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Cannon behind the scenes: handling wildlife humanely

  • Published
  • By Airman 1st Class Alexxis Pons Abascal
  • 27th Special Operations Wing Public Affairs
*This feature is the fourth in a series of Air Commando highlights at Cannon.

The 27th Special Operations Civil Engineer Squadron entomology flight takes their mission at Cannon Air Force Base, N.M., very seriously.

"Our primary job is making sure the aircraft at Cannon can operate safely and effectively," said Tech. Sgt. Steven Millerd, 27 SOCES NCOIC of pest management. "We accomplish this by ensuring there isn't any threat of Bird Air Strike Hazards on the flightline."

BASH is just part of entomology's mission. Under Air Force Special Operations Command, they handle animal control on base to include stray cats, dogs, insects, reptiles and even the occasional prairie dog.

"We handle anything that can pose a significant threat to members within our community," said Millerd. "Feral cats are a big issue on base and could pose a potential threat to our military working dogs. We frequently place traps in problem areas to protect not just our military assets, but residents and their pets as well."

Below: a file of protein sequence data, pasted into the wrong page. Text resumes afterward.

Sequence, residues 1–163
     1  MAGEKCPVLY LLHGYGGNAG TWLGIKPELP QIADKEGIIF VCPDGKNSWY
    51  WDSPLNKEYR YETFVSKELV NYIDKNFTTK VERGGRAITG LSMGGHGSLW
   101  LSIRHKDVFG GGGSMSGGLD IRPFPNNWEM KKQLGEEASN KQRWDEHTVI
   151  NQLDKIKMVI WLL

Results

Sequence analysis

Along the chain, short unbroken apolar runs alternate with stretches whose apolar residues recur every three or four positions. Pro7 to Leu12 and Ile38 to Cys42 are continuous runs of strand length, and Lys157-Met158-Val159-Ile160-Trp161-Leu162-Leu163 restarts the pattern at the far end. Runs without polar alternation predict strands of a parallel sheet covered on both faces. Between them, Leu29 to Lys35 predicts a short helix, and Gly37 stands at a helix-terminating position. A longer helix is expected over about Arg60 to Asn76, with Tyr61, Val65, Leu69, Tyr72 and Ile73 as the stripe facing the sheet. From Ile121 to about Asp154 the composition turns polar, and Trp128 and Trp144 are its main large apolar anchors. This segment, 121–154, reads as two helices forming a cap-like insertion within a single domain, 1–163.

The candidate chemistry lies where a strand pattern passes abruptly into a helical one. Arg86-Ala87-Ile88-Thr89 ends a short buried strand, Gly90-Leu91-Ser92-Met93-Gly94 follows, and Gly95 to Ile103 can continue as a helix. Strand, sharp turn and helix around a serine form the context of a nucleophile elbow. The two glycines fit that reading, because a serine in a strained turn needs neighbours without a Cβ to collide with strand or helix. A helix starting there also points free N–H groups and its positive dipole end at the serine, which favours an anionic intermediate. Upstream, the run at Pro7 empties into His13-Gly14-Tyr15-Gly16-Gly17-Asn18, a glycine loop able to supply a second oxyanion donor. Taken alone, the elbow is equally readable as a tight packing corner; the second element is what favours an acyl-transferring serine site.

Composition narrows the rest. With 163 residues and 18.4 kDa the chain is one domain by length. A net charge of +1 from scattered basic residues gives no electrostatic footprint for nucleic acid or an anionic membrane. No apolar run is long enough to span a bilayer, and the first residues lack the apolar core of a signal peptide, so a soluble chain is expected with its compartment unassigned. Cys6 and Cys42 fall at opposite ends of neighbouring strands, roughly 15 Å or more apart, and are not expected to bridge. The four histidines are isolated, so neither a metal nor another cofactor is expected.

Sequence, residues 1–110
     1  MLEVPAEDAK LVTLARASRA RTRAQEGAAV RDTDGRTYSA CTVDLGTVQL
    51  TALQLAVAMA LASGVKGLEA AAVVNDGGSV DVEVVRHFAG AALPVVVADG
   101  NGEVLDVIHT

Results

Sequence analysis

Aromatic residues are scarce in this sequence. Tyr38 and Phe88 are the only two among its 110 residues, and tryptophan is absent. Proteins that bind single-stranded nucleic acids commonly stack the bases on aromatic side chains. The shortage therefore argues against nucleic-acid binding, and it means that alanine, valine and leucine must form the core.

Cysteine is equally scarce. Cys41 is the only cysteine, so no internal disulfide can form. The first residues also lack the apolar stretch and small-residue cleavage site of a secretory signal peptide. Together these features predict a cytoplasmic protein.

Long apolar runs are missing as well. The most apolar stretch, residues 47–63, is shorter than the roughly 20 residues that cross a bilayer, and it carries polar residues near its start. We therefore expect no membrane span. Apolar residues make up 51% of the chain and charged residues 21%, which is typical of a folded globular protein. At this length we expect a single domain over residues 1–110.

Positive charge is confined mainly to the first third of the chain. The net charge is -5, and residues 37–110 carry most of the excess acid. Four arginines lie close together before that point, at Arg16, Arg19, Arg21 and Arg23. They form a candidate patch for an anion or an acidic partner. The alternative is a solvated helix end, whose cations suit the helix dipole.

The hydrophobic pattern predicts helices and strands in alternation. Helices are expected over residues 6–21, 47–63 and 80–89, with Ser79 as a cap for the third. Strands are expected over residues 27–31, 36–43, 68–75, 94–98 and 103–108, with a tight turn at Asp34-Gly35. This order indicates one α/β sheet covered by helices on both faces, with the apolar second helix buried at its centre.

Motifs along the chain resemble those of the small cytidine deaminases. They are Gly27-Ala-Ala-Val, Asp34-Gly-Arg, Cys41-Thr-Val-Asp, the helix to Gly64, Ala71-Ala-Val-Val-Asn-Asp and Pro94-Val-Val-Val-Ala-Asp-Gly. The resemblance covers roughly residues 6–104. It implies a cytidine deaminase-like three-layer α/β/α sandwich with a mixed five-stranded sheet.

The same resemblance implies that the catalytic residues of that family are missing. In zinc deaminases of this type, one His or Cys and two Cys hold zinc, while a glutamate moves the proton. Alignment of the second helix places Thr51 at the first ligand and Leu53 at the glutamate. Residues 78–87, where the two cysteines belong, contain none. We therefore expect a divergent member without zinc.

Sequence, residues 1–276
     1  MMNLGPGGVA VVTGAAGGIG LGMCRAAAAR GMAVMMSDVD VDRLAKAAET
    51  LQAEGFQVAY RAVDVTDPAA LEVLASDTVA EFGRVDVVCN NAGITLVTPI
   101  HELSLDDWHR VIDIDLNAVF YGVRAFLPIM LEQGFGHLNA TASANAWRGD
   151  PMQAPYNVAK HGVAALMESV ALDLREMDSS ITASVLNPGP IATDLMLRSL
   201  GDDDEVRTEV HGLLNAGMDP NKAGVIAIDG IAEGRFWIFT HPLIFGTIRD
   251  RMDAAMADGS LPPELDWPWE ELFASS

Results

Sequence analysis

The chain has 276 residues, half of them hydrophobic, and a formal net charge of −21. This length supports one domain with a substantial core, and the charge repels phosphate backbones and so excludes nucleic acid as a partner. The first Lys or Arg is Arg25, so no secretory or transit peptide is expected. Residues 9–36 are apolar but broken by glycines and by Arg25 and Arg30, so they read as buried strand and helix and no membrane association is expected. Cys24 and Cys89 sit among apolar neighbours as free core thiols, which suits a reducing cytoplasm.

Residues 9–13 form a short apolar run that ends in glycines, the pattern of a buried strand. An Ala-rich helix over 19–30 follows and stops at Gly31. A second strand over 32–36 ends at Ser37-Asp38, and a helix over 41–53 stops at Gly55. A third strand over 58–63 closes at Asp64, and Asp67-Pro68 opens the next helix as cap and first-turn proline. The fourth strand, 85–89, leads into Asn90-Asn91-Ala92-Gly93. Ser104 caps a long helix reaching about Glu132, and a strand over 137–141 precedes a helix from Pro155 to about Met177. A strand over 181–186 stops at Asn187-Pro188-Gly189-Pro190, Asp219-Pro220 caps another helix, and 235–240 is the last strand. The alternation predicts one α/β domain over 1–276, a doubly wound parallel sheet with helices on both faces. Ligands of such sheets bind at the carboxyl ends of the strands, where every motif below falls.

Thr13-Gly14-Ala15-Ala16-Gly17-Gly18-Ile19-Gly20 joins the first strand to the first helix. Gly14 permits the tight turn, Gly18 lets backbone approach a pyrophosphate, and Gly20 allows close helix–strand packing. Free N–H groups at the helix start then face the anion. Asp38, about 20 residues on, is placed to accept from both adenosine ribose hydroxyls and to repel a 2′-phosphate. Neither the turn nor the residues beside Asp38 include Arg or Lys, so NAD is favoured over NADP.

Entomology takes every measure to be as humane as possible when dealing with wildlife. They employ a catch-and-release method rather than simply killing animals.

Entomology sets out traps when calls come in expressing concerns about wildlife in the area. It is important that local residents not tamper with these traps to avoid injuring themselves or the caged animals.

"If an animal is trapped without a tag, we take it to a local shelter to have it scanned for a microchip," said Millerd. "Unfortunately, it would cost the government a significant amount of money to impound every animal captured. Therefore, relocation of trapped wildlife is the most humane alternative."

Entomology recently engaged in a biological control test to deal with flies in the surrounding area. The entomology flight had parasitic wasp larva that feed primarily on fly larva sent to Cannon . It was the first time Cannon introduced another insect to the area to control the number of flies near the base.

"The parasitic wasps we brought over posed no threat to personnel or the environment," said Millerd. "These nocturnal wasps are roughly the size of gnats, they don't sting people and they feed on fly larva. We noted a significant decrease in the number of flies and no adverse impact after the initial test-run."

In a deployed location, entomology focuses on public health. They make sure living conditions meet regulated health-standards so deployed Air Commandos are fit to fly, fight and win.

"It's nice to know that we are making a difference," said Airman 1st Class Jacob Mathis, 27 SOCES pest manager. "We are all mission essential. Public health concerns everyone and it just so happens that we are set in place to cover that concern for our people and AFSOC."